More people becoming obese in the Nordics – The Post

More people becoming obese in the Nordics

DTU project reveals that being overweight has become almost as common as being normal weight among adults

The scales never lie (photo: Pixabay)
January 25th, 2017 10:25 am| by Christian W
Facebooktwittergoogle_pluspinterestmail

A new Nordic research project led by the Technical University of Denmark (DTU) has revealed that being overweight or obese has become almost as common as being normal weight among adults in the Nordic region.

In the case of Nordic men, over half are overweight or obese.

The project – which assessed the diet, activity and weight of Danes, Swedes, Norwegians, Finns and Icelanders using data from the Nordic Council of Ministers – found that every third adult gets too little exercise.

”The prevalence of obesity among adults in the Nordic region does not appear to be levelling off. This is an unfortunate development as the health consequences can be costly – both for the individual and for society as a whole,” said Jeppe Matthiessen, a senior advisor with the national food institute, DTU Food.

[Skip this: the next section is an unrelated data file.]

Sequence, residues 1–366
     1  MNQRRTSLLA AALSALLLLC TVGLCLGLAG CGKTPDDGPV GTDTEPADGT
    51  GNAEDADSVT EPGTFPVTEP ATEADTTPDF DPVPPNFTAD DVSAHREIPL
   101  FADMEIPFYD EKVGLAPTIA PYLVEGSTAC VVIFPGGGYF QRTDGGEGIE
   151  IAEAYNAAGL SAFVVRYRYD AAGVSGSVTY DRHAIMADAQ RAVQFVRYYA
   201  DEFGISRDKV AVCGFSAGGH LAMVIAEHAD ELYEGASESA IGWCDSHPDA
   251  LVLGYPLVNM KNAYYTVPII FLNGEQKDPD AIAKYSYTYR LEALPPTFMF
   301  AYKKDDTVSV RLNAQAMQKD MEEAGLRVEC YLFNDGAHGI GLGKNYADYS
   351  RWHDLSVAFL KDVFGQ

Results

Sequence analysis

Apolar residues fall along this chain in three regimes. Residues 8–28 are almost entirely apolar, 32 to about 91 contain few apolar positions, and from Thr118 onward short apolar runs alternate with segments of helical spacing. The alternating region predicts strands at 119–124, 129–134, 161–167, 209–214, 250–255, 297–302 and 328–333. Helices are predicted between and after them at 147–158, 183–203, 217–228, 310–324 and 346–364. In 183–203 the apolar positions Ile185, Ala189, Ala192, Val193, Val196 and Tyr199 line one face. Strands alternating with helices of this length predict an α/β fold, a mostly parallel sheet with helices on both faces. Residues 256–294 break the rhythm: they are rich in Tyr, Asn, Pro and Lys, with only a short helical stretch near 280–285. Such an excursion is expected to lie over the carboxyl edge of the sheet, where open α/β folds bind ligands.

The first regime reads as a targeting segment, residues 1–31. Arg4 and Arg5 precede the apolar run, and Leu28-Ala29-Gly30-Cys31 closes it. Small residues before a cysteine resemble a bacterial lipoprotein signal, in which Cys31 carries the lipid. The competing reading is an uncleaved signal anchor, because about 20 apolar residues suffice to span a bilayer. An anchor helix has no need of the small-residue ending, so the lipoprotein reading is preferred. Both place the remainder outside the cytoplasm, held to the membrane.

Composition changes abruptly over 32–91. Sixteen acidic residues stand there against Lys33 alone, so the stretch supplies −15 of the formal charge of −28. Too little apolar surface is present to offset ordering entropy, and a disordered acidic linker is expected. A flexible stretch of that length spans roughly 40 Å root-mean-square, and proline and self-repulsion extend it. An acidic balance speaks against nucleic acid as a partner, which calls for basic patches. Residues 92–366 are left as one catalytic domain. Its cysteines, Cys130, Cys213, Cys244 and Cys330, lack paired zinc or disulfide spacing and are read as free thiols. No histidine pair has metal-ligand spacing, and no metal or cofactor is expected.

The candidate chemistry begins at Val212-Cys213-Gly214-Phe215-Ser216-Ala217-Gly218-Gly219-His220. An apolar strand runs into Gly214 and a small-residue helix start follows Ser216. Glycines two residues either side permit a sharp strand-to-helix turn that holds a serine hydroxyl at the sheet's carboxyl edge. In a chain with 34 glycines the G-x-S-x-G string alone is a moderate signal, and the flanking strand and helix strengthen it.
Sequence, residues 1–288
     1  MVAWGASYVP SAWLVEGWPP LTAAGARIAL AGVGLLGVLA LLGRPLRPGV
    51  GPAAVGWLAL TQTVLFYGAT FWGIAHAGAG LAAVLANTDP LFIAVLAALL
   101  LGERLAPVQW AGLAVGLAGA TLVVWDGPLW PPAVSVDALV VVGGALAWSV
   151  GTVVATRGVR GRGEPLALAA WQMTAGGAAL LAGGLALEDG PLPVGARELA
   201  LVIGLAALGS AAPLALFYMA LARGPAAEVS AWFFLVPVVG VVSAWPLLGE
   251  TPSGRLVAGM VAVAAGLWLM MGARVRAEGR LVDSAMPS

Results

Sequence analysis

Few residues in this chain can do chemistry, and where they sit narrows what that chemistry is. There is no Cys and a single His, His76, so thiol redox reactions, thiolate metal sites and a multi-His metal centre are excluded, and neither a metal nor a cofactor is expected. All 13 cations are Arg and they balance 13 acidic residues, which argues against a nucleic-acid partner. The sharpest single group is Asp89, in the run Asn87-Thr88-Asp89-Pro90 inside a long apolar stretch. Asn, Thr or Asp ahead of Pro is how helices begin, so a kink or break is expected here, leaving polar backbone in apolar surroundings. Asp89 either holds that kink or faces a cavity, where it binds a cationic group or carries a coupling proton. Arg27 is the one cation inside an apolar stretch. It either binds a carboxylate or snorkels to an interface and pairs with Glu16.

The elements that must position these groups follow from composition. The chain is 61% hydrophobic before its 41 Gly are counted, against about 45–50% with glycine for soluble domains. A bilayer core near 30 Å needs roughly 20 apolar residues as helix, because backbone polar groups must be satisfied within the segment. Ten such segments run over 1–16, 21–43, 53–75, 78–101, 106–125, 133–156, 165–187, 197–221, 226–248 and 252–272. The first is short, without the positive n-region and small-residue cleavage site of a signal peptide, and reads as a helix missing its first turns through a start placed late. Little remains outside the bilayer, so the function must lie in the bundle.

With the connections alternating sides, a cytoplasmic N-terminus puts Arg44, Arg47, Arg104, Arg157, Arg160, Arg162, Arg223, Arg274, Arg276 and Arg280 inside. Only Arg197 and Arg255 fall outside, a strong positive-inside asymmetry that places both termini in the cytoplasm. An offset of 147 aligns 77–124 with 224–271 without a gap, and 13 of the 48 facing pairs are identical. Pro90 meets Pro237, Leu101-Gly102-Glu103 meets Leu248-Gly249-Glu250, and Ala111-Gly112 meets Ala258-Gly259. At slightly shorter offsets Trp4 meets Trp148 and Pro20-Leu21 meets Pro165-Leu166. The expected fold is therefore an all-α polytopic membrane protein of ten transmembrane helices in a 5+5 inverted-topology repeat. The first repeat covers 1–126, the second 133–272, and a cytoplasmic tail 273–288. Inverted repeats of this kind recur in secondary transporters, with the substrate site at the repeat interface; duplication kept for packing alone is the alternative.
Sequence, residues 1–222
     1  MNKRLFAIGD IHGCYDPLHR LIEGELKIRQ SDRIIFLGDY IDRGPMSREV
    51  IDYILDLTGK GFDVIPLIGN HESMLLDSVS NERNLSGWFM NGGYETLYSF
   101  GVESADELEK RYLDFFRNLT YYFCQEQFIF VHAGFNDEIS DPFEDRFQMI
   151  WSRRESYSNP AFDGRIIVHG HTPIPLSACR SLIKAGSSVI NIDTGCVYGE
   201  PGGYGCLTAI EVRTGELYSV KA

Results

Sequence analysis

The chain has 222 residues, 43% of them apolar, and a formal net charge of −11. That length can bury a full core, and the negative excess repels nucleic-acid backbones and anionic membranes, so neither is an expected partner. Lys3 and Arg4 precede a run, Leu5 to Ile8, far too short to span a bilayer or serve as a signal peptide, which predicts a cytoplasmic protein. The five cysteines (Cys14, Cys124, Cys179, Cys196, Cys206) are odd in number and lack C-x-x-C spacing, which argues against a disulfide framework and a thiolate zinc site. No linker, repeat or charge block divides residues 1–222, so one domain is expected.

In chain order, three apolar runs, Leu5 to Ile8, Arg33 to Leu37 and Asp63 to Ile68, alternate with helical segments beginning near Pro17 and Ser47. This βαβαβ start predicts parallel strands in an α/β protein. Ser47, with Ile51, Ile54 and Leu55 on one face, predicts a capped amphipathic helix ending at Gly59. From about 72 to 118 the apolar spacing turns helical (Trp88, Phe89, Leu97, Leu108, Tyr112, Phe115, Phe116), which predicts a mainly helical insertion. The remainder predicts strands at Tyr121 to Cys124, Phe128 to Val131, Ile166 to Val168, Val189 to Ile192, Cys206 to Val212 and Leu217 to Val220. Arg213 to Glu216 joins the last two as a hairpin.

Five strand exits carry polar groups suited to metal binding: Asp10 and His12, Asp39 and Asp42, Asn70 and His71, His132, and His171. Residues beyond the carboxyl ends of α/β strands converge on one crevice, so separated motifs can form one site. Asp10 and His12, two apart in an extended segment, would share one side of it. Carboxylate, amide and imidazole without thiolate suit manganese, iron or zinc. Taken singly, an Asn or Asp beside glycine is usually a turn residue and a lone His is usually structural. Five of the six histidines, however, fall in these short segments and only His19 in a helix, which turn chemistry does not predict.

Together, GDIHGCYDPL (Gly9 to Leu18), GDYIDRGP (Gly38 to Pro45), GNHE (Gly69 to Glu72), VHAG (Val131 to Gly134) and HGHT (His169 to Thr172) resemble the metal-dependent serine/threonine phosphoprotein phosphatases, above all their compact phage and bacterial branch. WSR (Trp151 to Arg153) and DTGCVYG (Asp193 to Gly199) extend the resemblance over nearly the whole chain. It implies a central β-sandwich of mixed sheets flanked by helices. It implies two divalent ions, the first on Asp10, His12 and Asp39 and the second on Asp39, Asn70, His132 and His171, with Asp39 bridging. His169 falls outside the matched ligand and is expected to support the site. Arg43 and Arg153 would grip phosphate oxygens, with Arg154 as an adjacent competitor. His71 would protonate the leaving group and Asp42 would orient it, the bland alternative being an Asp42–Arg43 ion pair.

READ MORE: Nordic research shows significant health benefits of cycling regularly

Inactivity issue
Data from 2014 showed that nearly every second adult in the Nordics is obese or overweight and that it was more common for men to be obese or overweight (56 percent) than women (37 percent). Between 2011 and 2014 the number of people considered obese increased from 11 to 13 percent (200,000 more people).

Nearly three out of every ten Nordic adults spend more than four hours of their daily spare time watching TV or in front of a computer screen, with men leading the way (33 percent) ahead of women (27 percent).

“An increased polarisation in the physical activity pattern seems to have occurred among adults in the Nordic region,” said Matthiessen.

“It is worrying that the ‘very inactive’ group has increased by 300,000 given the adverse effects physical inactivity have on people’s health, such as an increased risk of obesity and cardiovascular diseases,”

Stuck on screens
Nordic children are also inactive, with one out of every seven spending over four hours watching a TV or computer screen daily during their spare time – 18 percent of boys and 13 percent of girls.

Among 7 to 12-year-olds, every seventh child is overweight – a ratio that has remained unchanged from 2011-2014.